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Mechanisms Driving the Time-Dependent Salt Flux in a Partially Stratified Estuary

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  • 1 Woods Hole Oceanographic Institution, Woods Hole, Massachusetts
  • | 2 Institute of Marine and Coastal Science, Rutgers, The State University of New Jersey, New Brunswick, New Jersey
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Abstract

The subtidal salt balance and the mechanisms driving the downgradient salt flux in the Hudson River estuary are investigated using measurements from a cross-channel mooring array of current meters, temperature and conductivity sensors, and cross-channel and along-estuary shipboard surveys obtained during the spring of 2002. Steady (subtidal) vertical shear dispersion, resulting from the estuarine exchange flow, was the dominant mechanism driving the downgradient salt flux, and varied by over an order of magnitude over the spring–neap cycle, with maximum values during neap tides and minimum values during spring tides. Corresponding longitudinal dispersion rates were as big as 2500 m2 s−1 during neap tides. The salinity intrusion was not in a steady balance during the study period. During spring tides, the oceanward advective salt flux resulting from the net outflow balanced the time rate of change of salt content landward of the study site, and salt was flushed out of the estuary. During neap tides, the landward steady shear dispersion salt flux exceeded the oceanward advective salt flux, and salt entered the estuary. Factor-of-4 variations in the salt content occurred at the spring–neap time scale and at the time scale of variations in the net outflow. On average, the salt flux resulting from tidal correlations between currents and salinity (tidal oscillatory salt flux) was an order of magnitude smaller than that resulting from steady shear dispersion. During neap tides, this flux was minimal (or slightly countergradient) and was due to correlations between tidal currents and vertical excursions of the halocline. During spring tides, the tidal oscillatory salt flux was driven primarily by oscillatory shear dispersion, with an associated longitudinal dispersion rate of about 130 m2 s−1.

* Woods Hole Oceanographic Institution Contribution Number 11272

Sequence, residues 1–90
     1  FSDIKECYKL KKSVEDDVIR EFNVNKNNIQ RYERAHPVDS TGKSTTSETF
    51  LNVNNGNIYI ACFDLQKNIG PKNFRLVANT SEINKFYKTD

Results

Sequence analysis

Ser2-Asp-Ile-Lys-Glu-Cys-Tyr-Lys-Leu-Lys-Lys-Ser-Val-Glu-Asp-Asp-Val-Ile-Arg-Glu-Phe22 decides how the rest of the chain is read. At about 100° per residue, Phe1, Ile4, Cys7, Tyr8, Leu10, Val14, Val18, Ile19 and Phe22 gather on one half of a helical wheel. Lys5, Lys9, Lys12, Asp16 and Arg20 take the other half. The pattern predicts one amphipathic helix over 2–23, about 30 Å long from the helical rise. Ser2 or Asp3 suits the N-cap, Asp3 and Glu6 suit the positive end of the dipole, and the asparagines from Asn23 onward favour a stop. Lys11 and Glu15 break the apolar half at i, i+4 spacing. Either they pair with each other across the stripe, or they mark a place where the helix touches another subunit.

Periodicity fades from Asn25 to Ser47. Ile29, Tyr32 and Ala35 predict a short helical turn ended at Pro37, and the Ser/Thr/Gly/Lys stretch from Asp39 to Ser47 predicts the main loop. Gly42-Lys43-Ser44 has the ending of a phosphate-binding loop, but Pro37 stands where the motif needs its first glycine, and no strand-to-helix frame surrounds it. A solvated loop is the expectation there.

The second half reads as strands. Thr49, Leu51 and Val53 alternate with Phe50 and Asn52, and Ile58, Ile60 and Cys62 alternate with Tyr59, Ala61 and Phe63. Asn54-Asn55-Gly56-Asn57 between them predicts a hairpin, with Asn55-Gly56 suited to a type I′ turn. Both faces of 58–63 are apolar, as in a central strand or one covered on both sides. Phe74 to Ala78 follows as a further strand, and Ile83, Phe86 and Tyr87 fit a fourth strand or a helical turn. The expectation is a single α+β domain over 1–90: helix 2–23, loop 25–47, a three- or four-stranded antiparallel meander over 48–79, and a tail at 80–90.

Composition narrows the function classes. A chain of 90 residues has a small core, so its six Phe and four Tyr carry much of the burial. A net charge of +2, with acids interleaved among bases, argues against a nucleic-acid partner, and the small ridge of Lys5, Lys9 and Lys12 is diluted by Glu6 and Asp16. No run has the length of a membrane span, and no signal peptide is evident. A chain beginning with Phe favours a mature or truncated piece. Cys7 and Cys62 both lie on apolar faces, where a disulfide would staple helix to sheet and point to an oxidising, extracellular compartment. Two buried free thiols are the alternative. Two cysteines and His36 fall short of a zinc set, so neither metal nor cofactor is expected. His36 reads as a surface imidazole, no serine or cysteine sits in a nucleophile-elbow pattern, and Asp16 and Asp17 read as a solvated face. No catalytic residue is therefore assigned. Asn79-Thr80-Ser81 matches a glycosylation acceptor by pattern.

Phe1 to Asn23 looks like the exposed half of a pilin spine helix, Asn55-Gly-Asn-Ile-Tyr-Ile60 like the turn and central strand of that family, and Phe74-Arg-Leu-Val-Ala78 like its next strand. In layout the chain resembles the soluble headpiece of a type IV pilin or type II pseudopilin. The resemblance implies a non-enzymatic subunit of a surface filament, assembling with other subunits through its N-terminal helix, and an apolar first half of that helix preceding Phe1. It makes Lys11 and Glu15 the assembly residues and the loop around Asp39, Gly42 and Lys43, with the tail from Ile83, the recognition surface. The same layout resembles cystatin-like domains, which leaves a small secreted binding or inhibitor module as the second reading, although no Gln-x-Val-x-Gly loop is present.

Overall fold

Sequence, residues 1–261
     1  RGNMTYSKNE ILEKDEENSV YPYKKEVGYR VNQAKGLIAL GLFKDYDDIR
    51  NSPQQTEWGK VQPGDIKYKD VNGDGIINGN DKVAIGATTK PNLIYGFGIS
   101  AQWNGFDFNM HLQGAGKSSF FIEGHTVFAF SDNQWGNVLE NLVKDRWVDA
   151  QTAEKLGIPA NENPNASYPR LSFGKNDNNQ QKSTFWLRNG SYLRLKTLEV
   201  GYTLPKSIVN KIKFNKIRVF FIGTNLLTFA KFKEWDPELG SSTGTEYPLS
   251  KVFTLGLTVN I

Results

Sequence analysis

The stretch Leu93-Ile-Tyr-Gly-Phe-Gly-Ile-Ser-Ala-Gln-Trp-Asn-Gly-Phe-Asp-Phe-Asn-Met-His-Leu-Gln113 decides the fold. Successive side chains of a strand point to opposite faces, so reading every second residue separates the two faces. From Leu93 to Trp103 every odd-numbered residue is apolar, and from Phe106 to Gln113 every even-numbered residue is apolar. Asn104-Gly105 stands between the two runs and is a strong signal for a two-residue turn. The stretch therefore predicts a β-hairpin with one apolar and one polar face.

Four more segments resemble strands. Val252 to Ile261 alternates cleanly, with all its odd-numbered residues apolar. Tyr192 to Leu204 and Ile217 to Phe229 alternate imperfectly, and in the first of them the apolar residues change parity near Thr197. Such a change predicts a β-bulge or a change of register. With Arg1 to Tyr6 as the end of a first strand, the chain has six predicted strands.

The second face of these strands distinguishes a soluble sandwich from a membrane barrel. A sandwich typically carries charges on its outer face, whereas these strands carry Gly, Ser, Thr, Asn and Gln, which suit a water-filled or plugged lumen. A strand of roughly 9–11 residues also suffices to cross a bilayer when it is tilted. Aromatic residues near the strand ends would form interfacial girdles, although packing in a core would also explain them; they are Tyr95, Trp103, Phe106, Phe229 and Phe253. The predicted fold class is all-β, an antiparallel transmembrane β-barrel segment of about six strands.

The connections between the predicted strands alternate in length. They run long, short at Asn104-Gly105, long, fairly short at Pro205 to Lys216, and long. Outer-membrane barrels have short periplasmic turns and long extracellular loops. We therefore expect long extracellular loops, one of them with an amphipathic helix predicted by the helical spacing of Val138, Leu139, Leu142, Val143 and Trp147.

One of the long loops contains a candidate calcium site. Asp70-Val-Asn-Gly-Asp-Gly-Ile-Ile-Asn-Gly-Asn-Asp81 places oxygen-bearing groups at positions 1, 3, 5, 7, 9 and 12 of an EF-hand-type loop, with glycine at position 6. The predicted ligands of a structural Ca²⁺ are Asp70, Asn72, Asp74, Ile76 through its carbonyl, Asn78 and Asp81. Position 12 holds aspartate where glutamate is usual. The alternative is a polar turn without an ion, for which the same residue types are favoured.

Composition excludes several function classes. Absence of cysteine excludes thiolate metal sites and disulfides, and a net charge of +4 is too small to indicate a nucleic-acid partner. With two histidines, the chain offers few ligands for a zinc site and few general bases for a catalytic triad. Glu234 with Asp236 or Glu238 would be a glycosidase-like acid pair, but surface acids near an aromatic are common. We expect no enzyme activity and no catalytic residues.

Corresponding author address: James A. Lerczak, Department of Physical Oceanography, MS #21, Woods Hole Oceanographic Institution, Woods Hole, MA 02543. Email: jlerczak@whoi.edu

Abstract

The subtidal salt balance and the mechanisms driving the downgradient salt flux in the Hudson River estuary are investigated using measurements from a cross-channel mooring array of current meters, temperature and conductivity sensors, and cross-channel and along-estuary shipboard surveys obtained during the spring of 2002. Steady (subtidal) vertical shear dispersion, resulting from the estuarine exchange flow, was the dominant mechanism driving the downgradient salt flux, and varied by over an order of magnitude over the spring–neap cycle, with maximum values during neap tides and minimum values during spring tides. Corresponding longitudinal dispersion rates were as big as 2500 m2 s−1 during neap tides. The salinity intrusion was not in a steady balance during the study period. During spring tides, the oceanward advective salt flux resulting from the net outflow balanced the time rate of change of salt content landward of the study site, and salt was flushed out of the estuary. During neap tides, the landward steady shear dispersion salt flux exceeded the oceanward advective salt flux, and salt entered the estuary. Factor-of-4 variations in the salt content occurred at the spring–neap time scale and at the time scale of variations in the net outflow. On average, the salt flux resulting from tidal correlations between currents and salinity (tidal oscillatory salt flux) was an order of magnitude smaller than that resulting from steady shear dispersion. During neap tides, this flux was minimal (or slightly countergradient) and was due to correlations between tidal currents and vertical excursions of the halocline. During spring tides, the tidal oscillatory salt flux was driven primarily by oscillatory shear dispersion, with an associated longitudinal dispersion rate of about 130 m2 s−1.

* Woods Hole Oceanographic Institution Contribution Number 11272

Corresponding author address: James A. Lerczak, Department of Physical Oceanography, MS #21, Woods Hole Oceanographic Institution, Woods Hole, MA 02543. Email: jlerczak@whoi.edu

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